• Is honesty the best policy if you have been caught cheating on your partner? 

  • Kate Figes weighs up the pros and cons

  • If you are looking for a therapist, you can find one here

The illicit thrill of an infidelity may linger for a while, but often deeper and darker emotions such as guilt, even shame for the betrayal of a person we still love hang around for longer. The key question for many then is should I tell them, given that honesty is now considered paramount to relationships and key to trust.

I don't believe there is any one right answer because there is a huge difference between a drunken one night stand that means nothing (in which case why tell?) and a longer liaison where deceit and mixed emotions are in play.

There are however some key questions which I think people should ask themselves before deciding how to proceed. Firstly, what are your motives for telling? Do you actually want to hurt the other person by revealing this secret, as revenge for another relationship crime such as withholding from you sexually or emotionally? Was that perhaps the reason for the infidelity in the first place? In which case maybe that is the issue which needs to be addressed?

Unburdening your guilt?

Or do you want to relieve yourself of the burden of feeling such guilt by confessing to a transgression? Do you want to hand over the baton of punishment to your partner so that they now have the upper hand within the balance of power of your relationship, as well the responsibility for making the decision as to whether you stay together or part? If which case you are perhaps being unfair and a little cowardly, handing over a double burden - the emotional knife-wound of sexual rejection as well as the fate of your future because you can't decide that for yourself.

Infidelity is far from simple. There is often an intricate dance between the one who is cheating and the one being betrayed. The longer an affair continues, the more likely a person is to start leaving clues - keeping their phone close, staying out at odd times, buying new clothes, not being where they say they are - red flags that their partner isn't paying attention to. Perhaps they don't want to risk losing everything by asking. Perhaps they don't really want to know, believing that it isn't threatening. Perhaps they just hope that by burying their head in the sand it will all go away and the relationship will just improve all by itself.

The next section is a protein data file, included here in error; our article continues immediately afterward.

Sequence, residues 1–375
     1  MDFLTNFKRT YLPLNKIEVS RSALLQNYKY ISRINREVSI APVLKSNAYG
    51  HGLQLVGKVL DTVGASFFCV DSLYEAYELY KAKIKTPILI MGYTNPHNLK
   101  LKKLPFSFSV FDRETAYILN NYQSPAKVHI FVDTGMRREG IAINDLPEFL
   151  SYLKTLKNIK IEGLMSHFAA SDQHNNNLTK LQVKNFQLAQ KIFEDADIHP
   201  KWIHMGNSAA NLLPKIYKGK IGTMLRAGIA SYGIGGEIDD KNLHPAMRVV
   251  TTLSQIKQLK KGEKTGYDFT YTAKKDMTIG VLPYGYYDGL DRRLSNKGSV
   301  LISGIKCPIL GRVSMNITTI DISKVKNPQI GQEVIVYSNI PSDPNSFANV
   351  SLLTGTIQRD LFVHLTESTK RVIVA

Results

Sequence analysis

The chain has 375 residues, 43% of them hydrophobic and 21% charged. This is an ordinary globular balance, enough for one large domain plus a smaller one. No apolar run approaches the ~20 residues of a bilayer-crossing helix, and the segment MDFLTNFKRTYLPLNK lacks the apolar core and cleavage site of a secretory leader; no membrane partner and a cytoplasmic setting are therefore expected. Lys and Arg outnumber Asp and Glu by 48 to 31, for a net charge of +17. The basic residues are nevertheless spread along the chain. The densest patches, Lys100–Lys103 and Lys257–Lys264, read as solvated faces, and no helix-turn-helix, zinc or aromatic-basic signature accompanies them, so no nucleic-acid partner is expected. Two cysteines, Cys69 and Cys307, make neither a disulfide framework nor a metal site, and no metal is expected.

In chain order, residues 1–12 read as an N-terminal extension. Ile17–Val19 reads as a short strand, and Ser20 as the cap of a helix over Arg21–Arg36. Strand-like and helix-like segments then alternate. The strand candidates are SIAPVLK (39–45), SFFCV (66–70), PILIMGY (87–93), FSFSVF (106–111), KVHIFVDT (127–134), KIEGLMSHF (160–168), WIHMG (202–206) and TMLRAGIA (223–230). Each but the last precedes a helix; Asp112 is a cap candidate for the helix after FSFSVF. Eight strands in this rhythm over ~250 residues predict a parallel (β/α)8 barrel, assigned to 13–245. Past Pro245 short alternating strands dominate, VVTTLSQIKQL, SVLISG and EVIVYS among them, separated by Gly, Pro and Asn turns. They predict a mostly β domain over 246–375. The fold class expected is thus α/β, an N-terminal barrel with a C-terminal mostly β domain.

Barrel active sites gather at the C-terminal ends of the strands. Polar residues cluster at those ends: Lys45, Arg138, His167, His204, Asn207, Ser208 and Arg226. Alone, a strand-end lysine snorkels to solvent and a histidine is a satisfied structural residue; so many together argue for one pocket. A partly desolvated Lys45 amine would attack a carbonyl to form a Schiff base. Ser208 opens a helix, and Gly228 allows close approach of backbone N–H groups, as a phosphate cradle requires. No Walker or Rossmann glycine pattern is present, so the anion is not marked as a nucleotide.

Forcing the cheating question

In the end most affairs are discovered. If you are in a relationship, particularly one that has been going on for some time, your partner is likely to know you better than you know yourself and will notice that something is up. It's delusional to think otherwise. Sometimes people become so overwhelmed by the guilt that they leave bigger and bigger clues, forcing their partner to ask the question 'Are you having an affair?' In which case answer honestly. Lying will only make things worse, exacerbating paranoia in the one who is being betrayed, because things still don't feel right and augmenting the guilt you are already feeling. You will start forgetting what lies you have already told and make mistakes. And then when the infidelity is uncovered the emotional fallout is likely to be much more catastrophic, for as those who have lived through the betrayal of infidelity will tell you, it is the dishonesty which hurts the most.

Infidelity is always about more than just sex. Even that drunken one night stand means something. Is it that you are bored, feel trapped in the relationship you have or are looking for a way to leave it? Or do you need the thrill of risk, of transgressing in order to feel more alive? Are you unhappy in your relationship and unable to talk about why? Or are you dividing yourself between two people so that you can avoid investing all of yourself intimately with one, for affairs offer the ultimate escape where you can be anybody for just a few hours. These are the sorts of emotionally intelligent questions people should get into the habit of asking themselves and discussing with lovers if a relationship is to flourish. Then the question of whether or not you should confess becomes entirely redundant.

Kate Figes is the author of Our Cheating Hearts: Love and Loyalty, Lust and Lies

Further reading

When guilt turns to shame

Is staying in love an unrealistic relationship goal?

Kindness and gratitude: two ingredients for a good relationship

How does relationship counselling work?